A former nuclear engineer accused of helping the former Russian atomic energy minister steal $9 million was sentenced to 15 months in prison for tax evasion.
Mark M. Kaushansky, 56, pleaded guilty in September.
Federal prosecutors indicted Kaushansky, a native of Ukraine who immigrated to the United States in 1979 and worked as a nuclear engineer at Westinghouse, and Yevgeny Adamov, the former Russian minister, in May 2005 on charges including conspiracy, money laundering and tax evasion.
U.S. prosecutors accused the men of stealing from the U.S., other nations and corporations more than $9 million that was intended to improve nuclear technology in Russia.
Prosecutors also claimed Kaushansky owed $5.5 million in back taxes, but U.S. District Judge Maurice Cohill found Kaushansky owed only $63,000.
Kaushanksy's attorney, Fred Thieman, said Kaushansky and Adamov funneled money through banks around the world to keep it safe from Russia's volatile economic market and to pay impoverished Russian nuclear scientists.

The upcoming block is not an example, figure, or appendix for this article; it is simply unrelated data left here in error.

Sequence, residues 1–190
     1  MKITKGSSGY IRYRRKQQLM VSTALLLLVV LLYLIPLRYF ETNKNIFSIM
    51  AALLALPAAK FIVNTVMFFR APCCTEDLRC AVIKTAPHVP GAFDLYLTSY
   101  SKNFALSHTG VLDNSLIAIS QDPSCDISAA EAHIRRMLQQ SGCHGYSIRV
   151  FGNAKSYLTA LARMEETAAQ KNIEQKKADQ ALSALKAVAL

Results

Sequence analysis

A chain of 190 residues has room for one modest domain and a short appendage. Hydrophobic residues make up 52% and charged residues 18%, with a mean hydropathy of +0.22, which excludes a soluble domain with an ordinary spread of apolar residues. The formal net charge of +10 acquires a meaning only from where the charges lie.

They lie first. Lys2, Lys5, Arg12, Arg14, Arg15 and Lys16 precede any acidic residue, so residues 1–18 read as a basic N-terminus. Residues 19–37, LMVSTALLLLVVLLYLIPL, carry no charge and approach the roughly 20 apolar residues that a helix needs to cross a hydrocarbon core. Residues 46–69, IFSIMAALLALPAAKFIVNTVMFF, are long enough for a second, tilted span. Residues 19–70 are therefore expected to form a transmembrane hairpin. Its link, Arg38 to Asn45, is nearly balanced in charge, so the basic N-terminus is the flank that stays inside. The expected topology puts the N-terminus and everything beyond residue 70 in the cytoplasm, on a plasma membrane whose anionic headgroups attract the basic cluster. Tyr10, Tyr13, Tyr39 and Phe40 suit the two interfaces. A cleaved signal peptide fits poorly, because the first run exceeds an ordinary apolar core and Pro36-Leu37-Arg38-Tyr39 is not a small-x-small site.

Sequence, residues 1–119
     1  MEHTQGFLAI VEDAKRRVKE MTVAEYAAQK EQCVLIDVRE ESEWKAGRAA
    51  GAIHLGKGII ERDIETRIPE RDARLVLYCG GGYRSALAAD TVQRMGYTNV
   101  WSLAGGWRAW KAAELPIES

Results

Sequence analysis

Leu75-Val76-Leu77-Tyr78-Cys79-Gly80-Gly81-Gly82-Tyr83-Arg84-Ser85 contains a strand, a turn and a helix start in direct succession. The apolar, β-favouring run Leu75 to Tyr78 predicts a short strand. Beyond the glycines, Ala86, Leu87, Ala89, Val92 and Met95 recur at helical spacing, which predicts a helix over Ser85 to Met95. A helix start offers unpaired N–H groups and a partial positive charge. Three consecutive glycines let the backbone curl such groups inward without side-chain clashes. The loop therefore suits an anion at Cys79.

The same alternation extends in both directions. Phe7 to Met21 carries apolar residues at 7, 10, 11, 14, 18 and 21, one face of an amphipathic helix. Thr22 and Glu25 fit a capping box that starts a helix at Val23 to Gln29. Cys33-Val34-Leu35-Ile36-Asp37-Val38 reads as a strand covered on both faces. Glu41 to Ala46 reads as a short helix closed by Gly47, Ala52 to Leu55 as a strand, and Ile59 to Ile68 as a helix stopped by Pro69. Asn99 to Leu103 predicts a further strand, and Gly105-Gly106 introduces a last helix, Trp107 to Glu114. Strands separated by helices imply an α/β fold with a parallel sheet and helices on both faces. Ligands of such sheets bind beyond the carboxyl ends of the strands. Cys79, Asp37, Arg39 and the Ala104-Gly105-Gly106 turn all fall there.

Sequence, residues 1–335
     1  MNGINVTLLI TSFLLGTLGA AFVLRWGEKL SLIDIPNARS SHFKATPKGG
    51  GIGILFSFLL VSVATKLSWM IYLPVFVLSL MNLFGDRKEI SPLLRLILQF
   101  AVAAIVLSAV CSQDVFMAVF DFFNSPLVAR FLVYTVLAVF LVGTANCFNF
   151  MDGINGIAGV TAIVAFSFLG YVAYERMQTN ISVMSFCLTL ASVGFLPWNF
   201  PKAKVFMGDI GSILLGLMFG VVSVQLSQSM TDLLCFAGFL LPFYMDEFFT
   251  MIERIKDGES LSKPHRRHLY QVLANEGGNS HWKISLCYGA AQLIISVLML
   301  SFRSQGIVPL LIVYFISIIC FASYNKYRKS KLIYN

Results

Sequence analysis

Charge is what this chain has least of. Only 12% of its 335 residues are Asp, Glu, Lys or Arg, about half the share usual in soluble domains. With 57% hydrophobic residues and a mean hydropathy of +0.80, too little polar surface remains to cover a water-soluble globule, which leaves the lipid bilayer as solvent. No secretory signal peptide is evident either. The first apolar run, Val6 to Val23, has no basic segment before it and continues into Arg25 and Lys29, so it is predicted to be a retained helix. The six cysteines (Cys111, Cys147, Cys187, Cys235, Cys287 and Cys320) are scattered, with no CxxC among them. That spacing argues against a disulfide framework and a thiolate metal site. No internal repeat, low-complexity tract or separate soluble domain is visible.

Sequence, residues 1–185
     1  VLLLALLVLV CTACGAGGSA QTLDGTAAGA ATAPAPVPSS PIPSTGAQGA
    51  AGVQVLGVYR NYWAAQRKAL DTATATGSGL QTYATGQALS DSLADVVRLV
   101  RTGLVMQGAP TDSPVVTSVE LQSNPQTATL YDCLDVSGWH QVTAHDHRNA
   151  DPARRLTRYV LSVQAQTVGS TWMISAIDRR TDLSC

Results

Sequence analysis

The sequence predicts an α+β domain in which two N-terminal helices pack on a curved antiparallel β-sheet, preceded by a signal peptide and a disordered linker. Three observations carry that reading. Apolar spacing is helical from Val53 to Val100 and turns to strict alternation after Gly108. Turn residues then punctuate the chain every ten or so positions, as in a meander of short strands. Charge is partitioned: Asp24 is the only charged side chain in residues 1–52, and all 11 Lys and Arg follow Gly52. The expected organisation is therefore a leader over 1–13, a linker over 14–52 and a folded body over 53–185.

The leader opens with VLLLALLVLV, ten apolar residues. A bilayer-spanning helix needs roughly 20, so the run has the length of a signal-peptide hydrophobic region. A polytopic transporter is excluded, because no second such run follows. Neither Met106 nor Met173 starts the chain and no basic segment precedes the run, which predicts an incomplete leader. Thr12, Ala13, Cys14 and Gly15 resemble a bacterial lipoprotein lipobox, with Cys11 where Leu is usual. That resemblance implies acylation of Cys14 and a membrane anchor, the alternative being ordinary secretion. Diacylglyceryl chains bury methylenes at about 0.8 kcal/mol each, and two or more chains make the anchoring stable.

"I was given an opportunity to help hundreds of Russian scientists and their families in dire need," Kaushansky said Thursday. "I think I did a lot of good, but in the process I made some mistakes. I admit to those mistakes. I am guilty."
Adamov, who was Russia's nuclear energy minister from 1998 until he was fired by President Vladimir Putin in 2001, was arrested in Switzerland in May 2005 after being indicted. U.S. officials sought to have him extradited to the U.S., but Russian officials opposed the idea. Swiss officials sent him back to Russia, where he faces abuse of power and fraud charges.
"Dr. Adamov will probably never be in the United States to have the charges against him resolved," Cohill said.
Shortly after Kaushansky pleaded guilty, Adamov told reporters in Moscow he was innocent of the charges in the United States.
Kaushansky also was fined $20,000 (EUR14,851) and sentenced to three years' probation.
NATO has abandoned positive agenda in relations with Russia. It does not exist. So far there are no indications of NATO's knowledge of a way to get out of this impasse